The author poses with group of teens at Babyn Yar

The author center, with a group of teenagers she took on a trip to Babyn Yar, October 2011. Courtesy of Alena Akselrod

Growing up I was a regular at my JCC in South Brooklyn, where we spoke a lot about Jewish peoplehood and Jewish identity. There was a distinct comfort in sitting together and holding our triple identity in a space where we were not othered. We were Russian-speaking, we were Jewish and we were American. Our stories were intertwined. Odessa, Baku, Moscow, Minsk, Tashkent, St. Petersburg, Dnipropetrovsk and many other cities were all part of my story even though I wasn’t from any of these places. Being part of the Russian-speaking Jewish community in America is more than just where you came from. For me, it was our entire immigration experience: finding my place in a new world with a new language, discovering my Jewish identity in my teens and dedicating my life to being a Jewish communal professional.

The Jewish community is centrally important to me. Will I, and the approximately 10% of that community that speaks Russian, be treated as if we are important to it? Will Jewish organizations and leaders stand up to proactively and explicitly make sure that support for Ukraine doesn’t turn into demonization of Russian people or Russian speakers everywhere? We know we belong here, and belonging entails solidarity; will Jewish institutions treat us as if we truly belong?

In the ashes and carnage of this war, I am lucky enough to be far from the physical fighting, and I pray for the safety of everyone who isn’t so lucky. But for me, my biggest fear is that my son will grow up in world where his mother’s homeland is vilified even more than it has been by Hollywood—a world where many people, including in the Jewish community, distrust him for speaking Russian, or where they don’t want him to be proud of who he is and his family’s history. This war is hurting the world deeply, and its ripple effects are reaching the farthest corners of this planet.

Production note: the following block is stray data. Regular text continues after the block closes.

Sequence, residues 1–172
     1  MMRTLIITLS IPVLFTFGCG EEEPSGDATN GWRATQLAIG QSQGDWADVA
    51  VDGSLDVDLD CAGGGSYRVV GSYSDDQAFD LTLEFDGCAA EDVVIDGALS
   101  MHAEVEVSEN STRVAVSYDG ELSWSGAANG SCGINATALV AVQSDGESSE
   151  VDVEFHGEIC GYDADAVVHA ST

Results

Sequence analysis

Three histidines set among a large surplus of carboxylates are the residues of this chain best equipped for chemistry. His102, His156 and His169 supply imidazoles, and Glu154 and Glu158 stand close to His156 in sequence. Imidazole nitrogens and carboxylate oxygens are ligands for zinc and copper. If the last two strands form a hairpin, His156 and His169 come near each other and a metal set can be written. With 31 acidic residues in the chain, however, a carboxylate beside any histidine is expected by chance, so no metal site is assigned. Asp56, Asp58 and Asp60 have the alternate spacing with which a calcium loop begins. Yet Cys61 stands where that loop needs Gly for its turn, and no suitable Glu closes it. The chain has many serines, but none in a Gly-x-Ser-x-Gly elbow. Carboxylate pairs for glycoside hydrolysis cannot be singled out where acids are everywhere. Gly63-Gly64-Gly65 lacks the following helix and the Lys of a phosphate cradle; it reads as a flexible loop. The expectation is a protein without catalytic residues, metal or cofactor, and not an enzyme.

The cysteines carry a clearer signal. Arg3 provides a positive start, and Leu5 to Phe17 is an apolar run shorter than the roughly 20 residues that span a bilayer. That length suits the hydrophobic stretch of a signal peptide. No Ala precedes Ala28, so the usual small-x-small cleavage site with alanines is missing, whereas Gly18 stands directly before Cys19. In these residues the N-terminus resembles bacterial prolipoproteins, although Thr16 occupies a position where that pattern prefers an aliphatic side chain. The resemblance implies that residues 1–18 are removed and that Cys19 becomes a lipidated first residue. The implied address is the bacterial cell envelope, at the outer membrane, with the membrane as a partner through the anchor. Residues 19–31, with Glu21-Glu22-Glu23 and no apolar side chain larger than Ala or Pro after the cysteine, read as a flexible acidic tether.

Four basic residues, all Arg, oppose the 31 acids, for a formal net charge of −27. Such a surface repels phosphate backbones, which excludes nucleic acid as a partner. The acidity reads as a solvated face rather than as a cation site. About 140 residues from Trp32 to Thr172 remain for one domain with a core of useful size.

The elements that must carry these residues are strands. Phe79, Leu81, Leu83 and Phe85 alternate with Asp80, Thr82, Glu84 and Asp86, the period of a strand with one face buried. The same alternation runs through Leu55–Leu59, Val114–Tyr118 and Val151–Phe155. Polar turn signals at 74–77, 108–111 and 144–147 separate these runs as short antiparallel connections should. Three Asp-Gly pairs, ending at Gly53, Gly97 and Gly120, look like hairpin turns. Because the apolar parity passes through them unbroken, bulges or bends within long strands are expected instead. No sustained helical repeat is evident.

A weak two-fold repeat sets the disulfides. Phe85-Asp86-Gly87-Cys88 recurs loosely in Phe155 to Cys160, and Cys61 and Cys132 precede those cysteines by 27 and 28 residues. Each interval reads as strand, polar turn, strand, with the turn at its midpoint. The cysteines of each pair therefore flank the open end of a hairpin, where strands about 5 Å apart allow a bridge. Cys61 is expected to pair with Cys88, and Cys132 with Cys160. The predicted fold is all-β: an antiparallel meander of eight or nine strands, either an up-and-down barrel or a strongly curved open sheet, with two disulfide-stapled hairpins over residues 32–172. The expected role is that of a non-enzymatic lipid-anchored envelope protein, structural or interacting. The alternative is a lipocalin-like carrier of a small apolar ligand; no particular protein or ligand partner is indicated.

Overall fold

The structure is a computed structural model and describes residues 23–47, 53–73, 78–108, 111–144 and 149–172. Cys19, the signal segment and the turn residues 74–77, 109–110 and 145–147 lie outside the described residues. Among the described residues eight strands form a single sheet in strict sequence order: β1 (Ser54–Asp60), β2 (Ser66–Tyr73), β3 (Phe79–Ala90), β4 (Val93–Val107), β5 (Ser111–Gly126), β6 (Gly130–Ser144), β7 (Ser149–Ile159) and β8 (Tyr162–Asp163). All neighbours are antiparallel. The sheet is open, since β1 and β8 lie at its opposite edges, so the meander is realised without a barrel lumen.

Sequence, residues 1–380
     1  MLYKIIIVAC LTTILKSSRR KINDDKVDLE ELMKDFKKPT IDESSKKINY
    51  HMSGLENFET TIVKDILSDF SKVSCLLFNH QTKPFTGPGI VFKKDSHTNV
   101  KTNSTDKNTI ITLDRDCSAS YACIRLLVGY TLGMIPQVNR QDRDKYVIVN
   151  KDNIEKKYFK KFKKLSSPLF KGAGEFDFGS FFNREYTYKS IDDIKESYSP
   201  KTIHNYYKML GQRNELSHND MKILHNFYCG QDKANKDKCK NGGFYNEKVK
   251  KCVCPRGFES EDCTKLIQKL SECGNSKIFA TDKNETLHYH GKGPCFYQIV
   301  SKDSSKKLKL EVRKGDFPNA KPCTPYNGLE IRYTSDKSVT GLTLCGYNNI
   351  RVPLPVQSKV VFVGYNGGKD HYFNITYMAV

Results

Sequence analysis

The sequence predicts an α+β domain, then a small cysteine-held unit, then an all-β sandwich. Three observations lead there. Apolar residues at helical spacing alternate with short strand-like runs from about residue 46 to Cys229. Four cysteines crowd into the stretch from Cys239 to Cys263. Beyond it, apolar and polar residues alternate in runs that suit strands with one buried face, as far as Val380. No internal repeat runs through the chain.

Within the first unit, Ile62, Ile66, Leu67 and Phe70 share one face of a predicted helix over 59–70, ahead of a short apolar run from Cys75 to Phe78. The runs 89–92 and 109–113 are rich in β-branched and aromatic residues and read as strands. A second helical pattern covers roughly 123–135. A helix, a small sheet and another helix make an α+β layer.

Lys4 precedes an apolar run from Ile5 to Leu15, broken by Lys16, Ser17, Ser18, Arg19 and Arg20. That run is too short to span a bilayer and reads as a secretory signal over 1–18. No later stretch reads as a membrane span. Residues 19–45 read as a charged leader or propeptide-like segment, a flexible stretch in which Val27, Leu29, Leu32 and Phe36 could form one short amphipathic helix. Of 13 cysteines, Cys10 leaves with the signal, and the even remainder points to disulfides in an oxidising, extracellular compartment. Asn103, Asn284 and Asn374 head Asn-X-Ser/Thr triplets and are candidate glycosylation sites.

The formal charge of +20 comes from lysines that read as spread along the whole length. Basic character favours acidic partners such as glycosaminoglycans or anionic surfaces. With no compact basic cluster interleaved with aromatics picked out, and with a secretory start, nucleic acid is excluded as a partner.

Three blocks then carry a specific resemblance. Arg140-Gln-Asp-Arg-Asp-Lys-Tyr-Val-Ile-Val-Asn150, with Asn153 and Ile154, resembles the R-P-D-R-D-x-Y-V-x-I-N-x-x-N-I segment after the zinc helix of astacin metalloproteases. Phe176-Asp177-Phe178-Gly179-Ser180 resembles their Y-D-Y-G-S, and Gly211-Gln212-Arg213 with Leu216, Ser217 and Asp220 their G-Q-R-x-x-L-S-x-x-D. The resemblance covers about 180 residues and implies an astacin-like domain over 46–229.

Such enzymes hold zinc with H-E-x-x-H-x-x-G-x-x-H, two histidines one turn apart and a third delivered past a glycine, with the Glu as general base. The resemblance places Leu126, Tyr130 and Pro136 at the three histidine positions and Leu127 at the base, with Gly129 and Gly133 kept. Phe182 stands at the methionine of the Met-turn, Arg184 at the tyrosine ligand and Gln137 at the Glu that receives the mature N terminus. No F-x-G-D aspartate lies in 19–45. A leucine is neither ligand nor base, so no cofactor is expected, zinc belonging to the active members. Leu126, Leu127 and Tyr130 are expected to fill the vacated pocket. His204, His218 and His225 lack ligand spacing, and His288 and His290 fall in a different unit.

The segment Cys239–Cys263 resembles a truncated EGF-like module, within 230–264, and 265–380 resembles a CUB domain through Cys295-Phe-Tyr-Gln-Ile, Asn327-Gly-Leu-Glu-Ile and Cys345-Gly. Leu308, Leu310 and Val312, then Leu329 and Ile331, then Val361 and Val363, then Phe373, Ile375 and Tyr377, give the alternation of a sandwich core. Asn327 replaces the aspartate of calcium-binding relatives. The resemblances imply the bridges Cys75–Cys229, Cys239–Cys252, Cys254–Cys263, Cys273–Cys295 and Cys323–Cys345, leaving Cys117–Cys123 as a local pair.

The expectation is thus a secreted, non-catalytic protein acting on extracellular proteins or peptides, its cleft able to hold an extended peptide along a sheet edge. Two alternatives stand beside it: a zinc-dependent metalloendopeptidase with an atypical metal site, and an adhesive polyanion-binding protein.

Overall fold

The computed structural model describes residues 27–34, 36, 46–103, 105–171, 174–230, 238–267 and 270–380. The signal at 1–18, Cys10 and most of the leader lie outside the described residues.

Reader, please do not look at your Russian neighbors, fellow congregants at synagogue, or coworkers with ill intent. Do not allow your children to mistreat their Russian schoolmates. The bullying in schools and the boycotting of Russian businesses in America is only hurting those who escaped from the place that you’re now blaming them for representing. The babushka selling her piroshki is not Putin’s pawn. She’s here because of the insufferable pain she and her family went through at the hands of the same country the world is rooting against right now.

And Jewish leaders, please remember: more than a tenth of your community needs your support right now. Yes, support the Jews and others still in Ukraine—Slava Ukraini! Yes, support Ukrainian-American Jews, but also speak up for other Russian-speaking Jews like me all over the world who are wondering: Will our community be there for us?

To contact the author, email editorial@forward.com.